Europe can simply not afford to continue this practice and waste an essential opportunity to improve its resource efficiency. The EU Waste Framework Directive has two key objectives: to prevent and reduce the negative impacts caused by the generation and management of waste and to improve resource efficiency. The Directive defines a 'hierarchy' to be applied by EU Member States in waste management. Waste prevention and re-use are the most preferred options, followed by recycling (including composting), then energy recovery, while waste disposal through landfills should be the very last resort.
Embedding means that SSH can make their contribution where they are most needed. Integrating the socio-economic dimension into the design, development and implementation of research itself, and of new technologies can help find solutions to societal issues.
Topics like competitiveness, climate change, energy security or public health are complex and multi-faceted and need to be thout across disciplines. Indeed, the idea to focus Horizon 2020 around "Challenges" rather than disciplinary fields of research illustrates this new approach. It represents a twin opportunity for the social sciences and humanities. Firstly, SSH research embedding throughout the whole programme will open up new areas of research; secondly, it will enhance top class research through the European Research Council.
The strength of the European science and technology system depends on its capacity to harness talent and ideas from wherever they exist. Rapid advances in contemporary scientific research and innovation have led to the rise of important ethical, legal and social issues that affect the relationship between science and society. Public investment in science requires a vast social and political constituency sharing the values of science, educated and engaged in its processes and able to recognise its contributions to knowledge, society and economic progress.
Through this programme, EU also supports new ways to interest young people in science and in research careers, and new ways to achieve greater gender equality in science.
2. Library Policies and Best Practices
Maker Faires, the social events sprouting engineering-oriented pursuits organized by the Make magazine, are often organized in libraries. The National Library of Norway started working on Artificial Intelligence schemes; this makes citizens familiar with new technologies against any neo-luddite inclinations.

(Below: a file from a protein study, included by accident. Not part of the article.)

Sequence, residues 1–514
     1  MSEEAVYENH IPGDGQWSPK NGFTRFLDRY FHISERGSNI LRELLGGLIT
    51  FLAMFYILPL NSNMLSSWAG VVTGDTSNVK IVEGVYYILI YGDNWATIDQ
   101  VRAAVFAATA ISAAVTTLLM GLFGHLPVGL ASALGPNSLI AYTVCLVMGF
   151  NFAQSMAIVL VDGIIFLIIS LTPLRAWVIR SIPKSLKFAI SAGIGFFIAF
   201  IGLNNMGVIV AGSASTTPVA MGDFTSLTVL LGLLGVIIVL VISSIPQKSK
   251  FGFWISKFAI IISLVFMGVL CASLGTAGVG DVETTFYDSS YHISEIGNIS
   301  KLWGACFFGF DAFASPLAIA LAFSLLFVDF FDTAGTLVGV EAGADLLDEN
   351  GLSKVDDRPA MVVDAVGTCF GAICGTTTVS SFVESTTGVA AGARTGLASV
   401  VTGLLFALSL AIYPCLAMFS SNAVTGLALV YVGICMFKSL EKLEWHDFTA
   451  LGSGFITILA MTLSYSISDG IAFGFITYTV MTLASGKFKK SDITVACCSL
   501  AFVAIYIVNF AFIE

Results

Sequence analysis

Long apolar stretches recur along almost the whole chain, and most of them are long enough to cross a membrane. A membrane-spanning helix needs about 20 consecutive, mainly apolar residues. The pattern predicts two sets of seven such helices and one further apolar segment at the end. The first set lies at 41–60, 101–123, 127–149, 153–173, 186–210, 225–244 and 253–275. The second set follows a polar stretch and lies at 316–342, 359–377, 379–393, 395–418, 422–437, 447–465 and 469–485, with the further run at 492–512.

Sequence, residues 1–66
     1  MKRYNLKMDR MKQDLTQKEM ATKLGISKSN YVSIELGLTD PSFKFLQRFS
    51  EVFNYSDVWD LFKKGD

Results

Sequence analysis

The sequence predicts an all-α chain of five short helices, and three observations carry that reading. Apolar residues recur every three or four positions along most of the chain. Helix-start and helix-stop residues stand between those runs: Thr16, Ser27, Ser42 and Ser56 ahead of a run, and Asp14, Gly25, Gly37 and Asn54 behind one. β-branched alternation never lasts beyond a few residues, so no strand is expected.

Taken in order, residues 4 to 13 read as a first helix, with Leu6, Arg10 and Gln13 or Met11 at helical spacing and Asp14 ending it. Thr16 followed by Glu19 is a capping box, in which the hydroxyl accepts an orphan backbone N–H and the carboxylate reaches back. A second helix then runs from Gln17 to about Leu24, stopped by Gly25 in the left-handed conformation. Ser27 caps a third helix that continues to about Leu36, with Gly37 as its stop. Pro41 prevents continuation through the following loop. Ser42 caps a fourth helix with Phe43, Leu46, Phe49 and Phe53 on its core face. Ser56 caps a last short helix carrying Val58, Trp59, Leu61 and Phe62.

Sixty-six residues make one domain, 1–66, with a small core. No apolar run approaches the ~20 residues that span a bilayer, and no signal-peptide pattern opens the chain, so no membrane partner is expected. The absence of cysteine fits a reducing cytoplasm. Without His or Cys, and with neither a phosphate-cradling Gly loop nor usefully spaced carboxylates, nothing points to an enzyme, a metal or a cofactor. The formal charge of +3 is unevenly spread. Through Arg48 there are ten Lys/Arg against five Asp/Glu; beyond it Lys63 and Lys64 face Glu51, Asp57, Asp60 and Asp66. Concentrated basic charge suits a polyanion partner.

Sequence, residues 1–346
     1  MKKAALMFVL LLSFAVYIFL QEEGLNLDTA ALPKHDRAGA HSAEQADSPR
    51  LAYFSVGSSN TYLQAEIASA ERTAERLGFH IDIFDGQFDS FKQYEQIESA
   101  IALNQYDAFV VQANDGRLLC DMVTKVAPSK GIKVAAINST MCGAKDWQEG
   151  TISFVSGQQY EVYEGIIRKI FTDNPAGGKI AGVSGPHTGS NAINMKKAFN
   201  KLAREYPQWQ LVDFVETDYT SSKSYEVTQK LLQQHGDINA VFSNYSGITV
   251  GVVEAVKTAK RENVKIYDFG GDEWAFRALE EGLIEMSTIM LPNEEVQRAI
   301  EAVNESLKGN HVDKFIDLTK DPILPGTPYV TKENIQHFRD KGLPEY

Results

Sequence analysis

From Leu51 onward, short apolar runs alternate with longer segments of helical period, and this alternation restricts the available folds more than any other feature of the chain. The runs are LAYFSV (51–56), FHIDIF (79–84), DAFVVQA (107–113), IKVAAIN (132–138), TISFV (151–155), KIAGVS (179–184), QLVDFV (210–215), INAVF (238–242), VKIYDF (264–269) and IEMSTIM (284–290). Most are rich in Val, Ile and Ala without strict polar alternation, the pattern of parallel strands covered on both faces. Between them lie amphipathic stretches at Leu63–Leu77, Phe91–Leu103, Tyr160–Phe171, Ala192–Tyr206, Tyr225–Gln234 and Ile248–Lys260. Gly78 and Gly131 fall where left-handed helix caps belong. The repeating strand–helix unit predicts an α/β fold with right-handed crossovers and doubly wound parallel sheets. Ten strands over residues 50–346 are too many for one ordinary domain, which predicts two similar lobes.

Libraries should become a permanent infrastructure encouraging innovation in a social context. This model of “social” library should be established in collaboration with advanced institutes and technological centres. “Digital Skills for SME (Small and Medium Enterprises) in Bulgaria” is an educational project where the regional libraries of Plovdiv, Smolyan and Stara Zagora districts become third place and offer equal access to information and communication, lifelong learning, collaboration with SME workers and their families. Two aspects raise the profile of this project. The first is that libraries work in partnership with the Bulgarian Union of Small and Medium Enterprises; the second is that the project is funded by the 2014-2020 European Social Fund, one of the European Structural and Investment Funds.
And finally, mention should be made again of the Lithuanian initiative of producing 3D printed face shields for healthcare workers – resulting from collaboration with the Lithuanian Robotics School.
3. Opportunities for library funding
This Chapter refers to the European Structural and Investment Funds (ESIF) 2021-2027, and in particular to the European Regional Development Fund (ERDF) and the European Social Fund+ (ESF).
In order to make the most out of these Funds, first refer to the ESIF managing authorities, which are different in every Member State and are responsible for national operational programmes and policies. The list of national authorities, country after country, and region after region, is available at the following link, https://ec.europa.eu/regional_policy/en/atlas/managing-authorities/.